CS: How has the role of the foreign worker changed in the past 25 years?
KCH: The focus then was much more on sharing one's faith personally and experimenting. Because of the distrust among people following the Cultural Revolution, in some ways it was easier for foreigners to talk to people. We were often deemed as "safe" to confide in. Foreigners can still easily share their faith, but increasingly Chinese are more effective. In looking at stats that separate foreign workers from Chinese workers we have noticed (for a long time) that, while foreigners have more opportunities to share their faith, Chinese have a higher response rate from those with whom they share. Language and cultural differences obviously play a big part in this.
Beyond this, foreigners in the early days were generally the theological trainers. The house church had little, if any theological training, and they relied on foreigners to provide that. Now, there are many well-trained and experienced Chinese pastors and theologians to do this.
CS: What is the main role of the foreign worker today?
KCH: I believe that foreigners now have key roles to play throughout all levels and types of service in China. I have long believed that it isn't the passport you hold that makes one more or less effective, but skills, adaptability and a commitment to life-long learning that determines this. In general, I would say that foreigners have a particularly important role to play in the following areas:
- Preparation for Chinese going overseas for cross-cultural outreach. The foreigners have already done this themselves and have much to offer.
- Systems. We have had to wrestle with this and figure out ways to keep things going (and growing), raise funds, sustain efforts over time and, in general, build an organizational framework.
- Mentors. We need older seasoned people to be involved in this kind of work. There are many young Chinese leaders who need models of organizational leadership, of parenting, and figuring out how faith and work go together.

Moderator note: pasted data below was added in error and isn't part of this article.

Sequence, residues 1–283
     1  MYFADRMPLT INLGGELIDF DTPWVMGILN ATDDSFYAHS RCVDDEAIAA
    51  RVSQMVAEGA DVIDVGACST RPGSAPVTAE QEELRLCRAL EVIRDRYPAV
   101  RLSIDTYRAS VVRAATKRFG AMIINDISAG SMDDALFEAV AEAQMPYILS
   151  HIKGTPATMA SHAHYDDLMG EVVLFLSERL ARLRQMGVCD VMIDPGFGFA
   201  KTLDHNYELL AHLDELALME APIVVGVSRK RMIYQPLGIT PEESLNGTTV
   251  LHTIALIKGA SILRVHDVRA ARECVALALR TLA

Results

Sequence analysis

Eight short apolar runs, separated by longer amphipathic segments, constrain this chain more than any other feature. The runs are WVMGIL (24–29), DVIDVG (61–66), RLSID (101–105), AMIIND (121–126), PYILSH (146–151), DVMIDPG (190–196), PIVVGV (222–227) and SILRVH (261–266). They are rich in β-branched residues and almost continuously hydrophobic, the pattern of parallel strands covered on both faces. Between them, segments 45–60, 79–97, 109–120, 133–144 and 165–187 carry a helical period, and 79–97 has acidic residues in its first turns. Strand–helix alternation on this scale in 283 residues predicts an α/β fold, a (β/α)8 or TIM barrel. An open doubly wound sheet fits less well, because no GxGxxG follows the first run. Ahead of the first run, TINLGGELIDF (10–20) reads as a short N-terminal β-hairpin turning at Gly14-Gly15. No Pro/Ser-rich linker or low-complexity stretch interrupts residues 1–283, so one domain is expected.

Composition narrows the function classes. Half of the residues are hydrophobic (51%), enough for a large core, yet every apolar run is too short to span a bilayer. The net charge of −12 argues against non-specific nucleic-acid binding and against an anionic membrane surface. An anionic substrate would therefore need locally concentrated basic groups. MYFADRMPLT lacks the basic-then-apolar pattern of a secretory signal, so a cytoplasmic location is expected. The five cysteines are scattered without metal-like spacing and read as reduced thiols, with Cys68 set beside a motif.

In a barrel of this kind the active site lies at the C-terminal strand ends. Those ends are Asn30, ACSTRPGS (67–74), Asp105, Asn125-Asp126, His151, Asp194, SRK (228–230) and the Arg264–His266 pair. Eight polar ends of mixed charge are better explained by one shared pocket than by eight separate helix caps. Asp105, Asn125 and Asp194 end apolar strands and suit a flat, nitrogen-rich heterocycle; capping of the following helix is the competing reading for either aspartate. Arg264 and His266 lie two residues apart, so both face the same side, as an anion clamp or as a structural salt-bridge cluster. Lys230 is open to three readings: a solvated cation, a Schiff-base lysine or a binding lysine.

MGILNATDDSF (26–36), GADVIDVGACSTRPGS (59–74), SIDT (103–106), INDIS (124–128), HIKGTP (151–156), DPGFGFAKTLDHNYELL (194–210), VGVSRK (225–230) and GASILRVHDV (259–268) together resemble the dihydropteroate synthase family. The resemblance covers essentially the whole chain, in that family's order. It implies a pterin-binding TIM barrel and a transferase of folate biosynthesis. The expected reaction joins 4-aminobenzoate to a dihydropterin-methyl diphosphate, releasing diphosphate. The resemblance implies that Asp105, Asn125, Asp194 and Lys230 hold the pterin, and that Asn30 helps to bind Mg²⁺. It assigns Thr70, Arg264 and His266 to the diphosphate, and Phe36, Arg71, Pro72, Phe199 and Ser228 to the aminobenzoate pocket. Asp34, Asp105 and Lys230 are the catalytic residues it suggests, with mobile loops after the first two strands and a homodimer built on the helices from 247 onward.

- Helping to figure out the returnee issue. More and more Chinese scholars are returning to China from the West. There are a few success stories here and there, but this issue has largely been ignored. Those returning are generally not equipped to re-enter China as Christians, and the local church is not well equipped to receive them.
CS: What specific lessons do you think we have for the Chinese church as it positions itself to be involved globally?
KCH: I think we've gotten the systems thing pretty well figured out, so that's one. I also think we've experimented well. There must be a culture of trial and error in a very positive sense. They will be going to cultures they know nothing about and they'll have to experiment, but that isn't a strong suit of this culture. In fact I tend to see it as a significant blind spot. This is not to say we haven't been guilty of gross arrogance ourselves; we have. But there has also been that positive view of exploration and experimentation.
CS: Twenty years from now, as the country celebrates 80 years, can you speculate as to what the local church might look like?
KCH: It's only speculation, of course. With the continued growth of both the church and the economy, the church in China will join the US and South Korea in contributing massively to missions. It will be globally connected and primarily urban. As these twin processes play out, the global cities of New York, London, Tokyo, Mumbai, Buenos Aires, Shanghai and Beijing will have more and more in common with each other. Thus a person's nationality will likely be of less concern (and barrier) in the future. It is likely that a Shanghainese will be more effective in sharing with a New Yorker than someone from Houston would be. In many ways, this is a game-changer. Finally, it is likely that there will be a great many more Chinese short-term missions trip to the West than from the West to China. The church in the West is not exactly doing a great job of drawing its own societies into a vibrant faith.
CS: Finally, consider this: a young person (mid to late twenties) comes to you and says, "I want to serve in China for the next twenty years. What advice do you have for me?" How would you respond?
KCH: Do an internship at Tim Keller's church in Manhattan for six to twelve months to get a feel for the urban element of life in China. Get an M.B.A. Accumulate a variety of experiencesuniversity student; young professional; working with the local church. It's important also to plan for language study. I'm not saying that all of these have to be accomplished prior to coming to China; rather, they are all a part of what a person needs to be considering as he/she plans for a life of ministry in China today.
Image credit: Talking to foreigner by kattebelletje, on Flickr